Genetic data of 48 bird species were sequenced in a massive international collaboration to create a new and detailed version of the avian tree of life.

“Birds have always been very good for this kind of work because we have a greater understanding about the world’s birds than we do about any of the other vertebrate groups,” Simon Griffith, Associate Professor of Avian Behavioural Ecology at Macquarie University, said.

“We are familiar with almost all the birds in the world – around 10,000 species – and we know how they differ, in important characteristics such as how long they live, how many offspring they have each year, how old they are when they breed.”

About 66 million years ago, a mass extinction event wiped out around 80% of Earth’s plant and animal population, but opened the door for the rapid expansion of birds.

Giant terror birds are similar to a common ancestor of all land birds. Marcelo Braga/Flickr, CC BY

Only a few bird lineages survived the mass extinction, and most modern land birds such as songbirds, owls and woodpeckers share a common apex predator ancestor.

This top-of-the-food-chain brute was similar to the giant terror birds which stalked the Americas between 27 million and 15,000 years ago.

“The main problem in resolving the relationships among birds is that they diversified very quickly,” Research Director and the Curator of the Australian National Wildlife Collection, CSIRO, Leo Joseph said.

Extreme adaptations

Birds are among the most widespread land animals and have experienced evolutionary adaptations to extreme environments. Penguins live in some of the harshest conditions on Earth, and DNA analysis, published in GigaScience, confirmed fossil evidence that penguins first appeared in Antarctica around 60 million years ago.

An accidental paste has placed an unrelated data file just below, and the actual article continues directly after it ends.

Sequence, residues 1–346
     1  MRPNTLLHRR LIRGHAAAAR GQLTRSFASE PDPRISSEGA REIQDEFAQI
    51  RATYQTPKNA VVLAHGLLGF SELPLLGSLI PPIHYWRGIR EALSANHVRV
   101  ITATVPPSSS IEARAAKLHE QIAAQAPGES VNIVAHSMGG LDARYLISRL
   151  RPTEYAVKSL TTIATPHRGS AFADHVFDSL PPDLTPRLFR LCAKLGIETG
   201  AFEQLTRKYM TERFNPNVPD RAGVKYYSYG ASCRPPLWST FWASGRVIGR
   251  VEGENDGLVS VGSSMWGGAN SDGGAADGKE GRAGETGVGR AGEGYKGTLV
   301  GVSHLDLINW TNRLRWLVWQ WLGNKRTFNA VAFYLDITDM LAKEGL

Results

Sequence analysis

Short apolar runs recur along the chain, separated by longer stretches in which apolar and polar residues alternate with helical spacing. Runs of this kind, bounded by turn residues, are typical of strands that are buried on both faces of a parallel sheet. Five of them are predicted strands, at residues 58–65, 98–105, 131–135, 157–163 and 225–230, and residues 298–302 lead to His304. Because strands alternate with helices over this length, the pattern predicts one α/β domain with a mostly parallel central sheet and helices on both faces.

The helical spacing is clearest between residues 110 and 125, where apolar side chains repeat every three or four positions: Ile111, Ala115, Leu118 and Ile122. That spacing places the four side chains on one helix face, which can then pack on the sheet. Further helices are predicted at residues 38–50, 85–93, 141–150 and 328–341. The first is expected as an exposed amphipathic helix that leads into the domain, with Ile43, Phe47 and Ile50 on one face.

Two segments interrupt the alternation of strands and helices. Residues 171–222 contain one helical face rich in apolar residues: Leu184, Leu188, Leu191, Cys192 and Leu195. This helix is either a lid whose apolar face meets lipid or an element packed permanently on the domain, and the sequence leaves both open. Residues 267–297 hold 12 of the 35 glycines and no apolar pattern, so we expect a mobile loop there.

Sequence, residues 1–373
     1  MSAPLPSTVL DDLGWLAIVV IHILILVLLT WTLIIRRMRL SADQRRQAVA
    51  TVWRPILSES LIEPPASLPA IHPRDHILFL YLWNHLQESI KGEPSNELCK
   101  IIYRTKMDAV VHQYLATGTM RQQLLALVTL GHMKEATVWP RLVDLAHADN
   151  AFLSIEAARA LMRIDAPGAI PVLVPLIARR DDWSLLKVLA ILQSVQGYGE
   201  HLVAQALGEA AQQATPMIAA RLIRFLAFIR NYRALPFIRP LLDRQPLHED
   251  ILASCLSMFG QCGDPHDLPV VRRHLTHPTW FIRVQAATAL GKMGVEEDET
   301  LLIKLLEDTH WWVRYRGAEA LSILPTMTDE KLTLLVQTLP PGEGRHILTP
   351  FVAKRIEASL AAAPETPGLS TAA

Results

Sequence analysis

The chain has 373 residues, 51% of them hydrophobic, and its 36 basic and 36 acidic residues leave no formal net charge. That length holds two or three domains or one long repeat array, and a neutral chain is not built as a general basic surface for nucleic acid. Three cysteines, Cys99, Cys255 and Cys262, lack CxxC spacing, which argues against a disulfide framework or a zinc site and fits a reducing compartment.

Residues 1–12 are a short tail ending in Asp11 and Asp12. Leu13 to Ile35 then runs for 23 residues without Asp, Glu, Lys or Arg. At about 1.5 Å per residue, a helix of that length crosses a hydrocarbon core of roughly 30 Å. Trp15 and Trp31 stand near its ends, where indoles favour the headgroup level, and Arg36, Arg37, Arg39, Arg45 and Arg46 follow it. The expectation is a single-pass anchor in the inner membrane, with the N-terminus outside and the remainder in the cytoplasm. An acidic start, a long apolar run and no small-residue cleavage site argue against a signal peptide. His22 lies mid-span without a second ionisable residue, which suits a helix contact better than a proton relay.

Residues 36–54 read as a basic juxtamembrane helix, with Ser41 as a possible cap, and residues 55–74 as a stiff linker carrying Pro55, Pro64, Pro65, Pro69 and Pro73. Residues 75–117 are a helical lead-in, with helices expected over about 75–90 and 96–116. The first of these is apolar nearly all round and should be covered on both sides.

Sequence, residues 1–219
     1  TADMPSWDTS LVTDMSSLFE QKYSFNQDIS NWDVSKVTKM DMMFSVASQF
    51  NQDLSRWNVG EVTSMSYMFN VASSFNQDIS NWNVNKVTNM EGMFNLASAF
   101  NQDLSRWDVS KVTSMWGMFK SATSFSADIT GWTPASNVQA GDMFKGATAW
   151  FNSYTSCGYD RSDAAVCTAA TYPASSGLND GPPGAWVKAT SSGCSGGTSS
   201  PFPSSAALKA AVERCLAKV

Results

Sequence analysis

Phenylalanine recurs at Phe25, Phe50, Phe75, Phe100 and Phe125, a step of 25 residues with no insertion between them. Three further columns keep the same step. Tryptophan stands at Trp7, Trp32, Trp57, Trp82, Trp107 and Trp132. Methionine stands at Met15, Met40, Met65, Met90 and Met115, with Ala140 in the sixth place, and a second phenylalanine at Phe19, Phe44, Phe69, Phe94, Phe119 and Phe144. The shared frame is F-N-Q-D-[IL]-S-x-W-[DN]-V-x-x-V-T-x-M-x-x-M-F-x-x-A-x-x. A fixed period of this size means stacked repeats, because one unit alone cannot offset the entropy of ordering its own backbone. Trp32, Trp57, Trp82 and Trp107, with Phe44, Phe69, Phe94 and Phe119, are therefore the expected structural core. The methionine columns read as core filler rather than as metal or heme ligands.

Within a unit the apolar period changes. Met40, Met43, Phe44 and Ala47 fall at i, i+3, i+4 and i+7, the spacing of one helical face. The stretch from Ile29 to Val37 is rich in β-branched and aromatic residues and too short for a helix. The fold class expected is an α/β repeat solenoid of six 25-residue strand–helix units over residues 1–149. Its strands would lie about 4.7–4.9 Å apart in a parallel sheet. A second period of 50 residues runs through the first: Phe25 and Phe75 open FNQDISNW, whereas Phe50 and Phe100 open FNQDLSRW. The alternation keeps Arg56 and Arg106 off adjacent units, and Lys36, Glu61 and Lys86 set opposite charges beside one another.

“If you have a complete genome, you can compare the variations between the chromosomes and get a picture of the population history” Sankar Subramanian, a research fellow at Griffith University and who worked on the project, said.

“By comparing the complete genome of penguins living today we can track when evolutionary changes occurred, up to 200,000 years ago.”

This aspect of the research, Emperor penguins were found to have a stable population, but Adélie penguins present a very different story, showing fluctuations in population matching extreme climactic periods.

In a warmer period 150,000 years ago there was a large population explosion, but in a more recent glacial period the population declined dramatically.

Adélie penguins struggle in glacial periods as they require ice-free land for nesting. Dominique Génin/Flickr, CC BY-NC-ND

Rather than being evolutionary in origin, Dr Subramanian explained the fluctuations depended on “how much ice-free land is available for nesting and breeding”.

Compared to other bird species, penguins had more genes for lipid metabolism, which is essential for forming layers of blubber to withstand the cold.

This subgroup of the project hopes to look at penguins which live in tropical and temperate waters such as the Galápagos Islands and New Zealand to see how more recent evolutionary adaptations have affected genes of modern penguins.

Now that these hallmark studies have been completed, and the bird tree of life established with some degree of authority, it provides a scaffold for further research.

“This new study helps tease apart the rapid diversification of birds, which has been a long-standing problem,” Dr Joseph said.

“We can now address really interesting questions,” Associate Professor Griffith said. “When did song learning evolve? When did birds evolve different patterns of parental care?”

These insights provide sought-after answers about how species can diversify so quickly to fill the ecological niches.

This articled was edited on Friday December 12, 2014, to clarify some quotes by Dr Leo Joseph.

The ConversationThis article was originally published on The Conversation. (Republished with permission). Read the original article.